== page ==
CHICAGO -- The Cubs have been making do without star shortstop Javier Báez. The bullpen has also been performing well with Craig Kimbrel sidelined at the moment. Now, Chicago will be tasked with filling the void left by Anthony Rizzo, who is at risk for missing the rest of the regular season.
Prior to Monday's game against the Reds, the Cubs announced that an MRI exam on Rizzo's right ankle revealed a lateral sprain. No surgery is needed, but Rizzo will be in a walking boot for five to seven days. The first baseman hopes to make a comeback before the calendar flips to October.
"I want to play as soon as possible," Rizzo said. "Whether it’s now or Game 1 of the World Series, I want to play as soon as possible."
After the immobilization period, Rizzo will be reassessed and the Cubs will have a better sense of his timeline for return. The first baseman said that he thinks he will have a better sense of where things stand in a few days -- not just by the end of the five to seven days in the boot.
In the meantime, Rizzo will spend his time in the training room doing everything with the team's medical staff to help reach a point where he can test his foot. X-rays taken of Rizzo's ailing ankle on Sunday came back negative for any fractures.
"My body usually responds pretty well, so I'm certainly not ruling it out," Rizzo said of returning before the end of the regular season. "I have every intention of trying to do everything I can with the training staff to get back on the field with the boys. I think in a few days it'll really tell a lot just by how it reacts."
Rizzo injured the ankle while running in to field a bunt single off the bat of Pittsburgh's Trevor Williams in the third inning of Sunday's 16-6 win. The first baseman's ankle buckled before he gloved the ball and got a throw off to first, sending him to the grass in pain after the play.
Once Rizzo was able to shift to his feet, Cubs outfielder Jason Heyward threw an arm around the first baseman's shoulders and helped him to the dugout. Teammate Albert Almora Jr. then helped Rizzo down the steps and to the bench. At one point during the rest of Sunday's game, Kris Bryant headed into the clubhouse to check on Rizzo.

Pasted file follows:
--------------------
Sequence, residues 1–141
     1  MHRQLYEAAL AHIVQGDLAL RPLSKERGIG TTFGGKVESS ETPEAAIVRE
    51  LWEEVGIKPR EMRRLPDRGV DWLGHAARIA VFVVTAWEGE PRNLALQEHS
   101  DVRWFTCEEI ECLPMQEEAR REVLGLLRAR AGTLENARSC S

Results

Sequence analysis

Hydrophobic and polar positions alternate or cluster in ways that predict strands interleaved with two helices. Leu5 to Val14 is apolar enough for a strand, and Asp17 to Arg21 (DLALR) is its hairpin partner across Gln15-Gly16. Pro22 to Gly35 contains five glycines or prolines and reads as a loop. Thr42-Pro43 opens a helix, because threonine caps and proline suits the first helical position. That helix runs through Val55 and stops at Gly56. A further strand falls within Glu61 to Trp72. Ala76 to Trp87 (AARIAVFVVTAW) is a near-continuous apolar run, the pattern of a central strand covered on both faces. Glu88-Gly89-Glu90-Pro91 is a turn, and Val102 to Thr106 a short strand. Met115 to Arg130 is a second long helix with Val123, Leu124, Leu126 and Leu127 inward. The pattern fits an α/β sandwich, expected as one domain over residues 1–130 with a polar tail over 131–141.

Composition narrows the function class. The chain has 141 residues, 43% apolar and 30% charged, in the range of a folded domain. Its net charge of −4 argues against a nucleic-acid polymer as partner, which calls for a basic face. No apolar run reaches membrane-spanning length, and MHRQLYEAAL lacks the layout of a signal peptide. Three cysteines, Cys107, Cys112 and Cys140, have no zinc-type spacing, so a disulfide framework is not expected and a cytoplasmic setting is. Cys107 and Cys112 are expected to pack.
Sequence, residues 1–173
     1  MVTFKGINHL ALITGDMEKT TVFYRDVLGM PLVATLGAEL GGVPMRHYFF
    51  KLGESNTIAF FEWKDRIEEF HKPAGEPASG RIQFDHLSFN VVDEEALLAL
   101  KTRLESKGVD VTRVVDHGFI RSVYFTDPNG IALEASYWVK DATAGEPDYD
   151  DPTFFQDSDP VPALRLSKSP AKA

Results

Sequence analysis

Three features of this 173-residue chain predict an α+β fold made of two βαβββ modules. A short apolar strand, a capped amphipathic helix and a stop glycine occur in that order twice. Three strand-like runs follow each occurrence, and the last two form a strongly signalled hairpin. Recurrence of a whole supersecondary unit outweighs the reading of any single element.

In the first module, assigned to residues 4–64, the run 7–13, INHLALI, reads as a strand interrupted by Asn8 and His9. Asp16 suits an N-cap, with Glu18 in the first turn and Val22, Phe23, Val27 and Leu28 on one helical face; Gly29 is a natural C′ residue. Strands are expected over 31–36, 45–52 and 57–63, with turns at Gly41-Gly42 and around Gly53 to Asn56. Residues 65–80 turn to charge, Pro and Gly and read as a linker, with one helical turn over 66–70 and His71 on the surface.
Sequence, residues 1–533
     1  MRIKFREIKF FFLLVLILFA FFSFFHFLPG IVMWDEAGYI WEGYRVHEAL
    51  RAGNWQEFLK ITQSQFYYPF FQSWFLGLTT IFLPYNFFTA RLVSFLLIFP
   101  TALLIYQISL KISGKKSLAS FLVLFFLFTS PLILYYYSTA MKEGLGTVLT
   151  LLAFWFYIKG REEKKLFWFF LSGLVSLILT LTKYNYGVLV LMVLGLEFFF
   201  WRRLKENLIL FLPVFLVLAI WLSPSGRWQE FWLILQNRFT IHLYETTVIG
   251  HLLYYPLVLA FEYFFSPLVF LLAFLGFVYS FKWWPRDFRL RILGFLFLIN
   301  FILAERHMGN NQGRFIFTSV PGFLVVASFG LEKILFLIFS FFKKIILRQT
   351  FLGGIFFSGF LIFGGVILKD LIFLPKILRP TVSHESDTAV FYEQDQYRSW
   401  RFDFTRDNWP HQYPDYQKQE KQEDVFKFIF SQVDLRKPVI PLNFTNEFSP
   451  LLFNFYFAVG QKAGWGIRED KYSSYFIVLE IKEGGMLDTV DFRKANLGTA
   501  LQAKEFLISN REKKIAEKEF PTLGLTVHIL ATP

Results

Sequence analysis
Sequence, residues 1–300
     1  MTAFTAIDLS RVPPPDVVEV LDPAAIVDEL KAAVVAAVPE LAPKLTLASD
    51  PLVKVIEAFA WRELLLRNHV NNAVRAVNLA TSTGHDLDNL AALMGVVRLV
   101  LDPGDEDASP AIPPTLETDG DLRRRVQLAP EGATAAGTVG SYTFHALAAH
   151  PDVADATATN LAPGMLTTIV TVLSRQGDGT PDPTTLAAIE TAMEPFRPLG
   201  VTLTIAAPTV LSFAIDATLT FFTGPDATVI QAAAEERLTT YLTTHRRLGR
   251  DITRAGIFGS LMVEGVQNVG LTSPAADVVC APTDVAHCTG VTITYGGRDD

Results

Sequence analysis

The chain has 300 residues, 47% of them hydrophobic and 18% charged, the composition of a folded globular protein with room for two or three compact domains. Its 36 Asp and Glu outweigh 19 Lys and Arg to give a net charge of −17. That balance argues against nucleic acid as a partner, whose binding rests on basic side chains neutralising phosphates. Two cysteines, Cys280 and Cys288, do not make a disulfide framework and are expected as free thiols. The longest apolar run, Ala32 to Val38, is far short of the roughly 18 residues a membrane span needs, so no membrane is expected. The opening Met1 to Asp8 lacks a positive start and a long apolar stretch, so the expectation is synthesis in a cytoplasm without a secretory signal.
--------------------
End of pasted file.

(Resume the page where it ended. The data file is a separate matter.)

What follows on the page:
"I do believe that there's galvanizing moments when you do lose key people," Cubs manager Joe Maddon said.
There are also moments to laugh amidst adversity.
Heyward seized on one of those prior to Monday's game, when he saw Rizzo rolling through the clubhouse with his leg supported on a medical scooter.
"It's torture for him, but at the same time," Heyward said with a smile, "we kind of love seeing him roll around. If he's going to make a bunch of jokes about it, we'll make a bunch of jokes about it and have fun with it that way."
In 140 games this season, Rizzo has hit .289 with 26 home runs, 88 runs scored and 93 RBIs. The first baseman's .920 OPS is the second-highest mark during his nine-year career in the Majors. Maddon called Rizzo a "security blanket" for the other infielders and noted that there are things the Cubs can do defensively with Rizzo that other players simply can't pull off at first.
Without Rizzo, though, Maddon said his primary first basemen will likely be Ian Happ and Victor Caratini. The manager noted that catchers Willson Contreras and Jonathan Lucroy could see innings there as well, if necessary. Maddon does not want to move Bryant off third base right now and said Ben Zobrist will not be used at first, either.
"We have different options," Maddon said. "It's going to be one of those daily calls."
Rizzo said the most frustrating aspect of the situation is the timing, given that the Cubs are within striking distance of a postseason spot with fewer than two weeks to play.
"Obviously, these weeks in September and October is why I play baseball," Rizzo said. "It's the most pressure packed, action packed. So, to miss any time right now, it sucks. But, it could be worse. I’m grateful it’s not worse."
That sentiment was echoed by Cubs president of baseball operations Theo Epstein, who would not speculate on Rizzo's timetable for return.
"It certainly wasn't the worst possible news," Epstein said. "I've learned never to rule anything out. Also, there's injuries like this that you just have to give a requisite to let initial healing take place to even have a better idea of what's possible and what's not possible."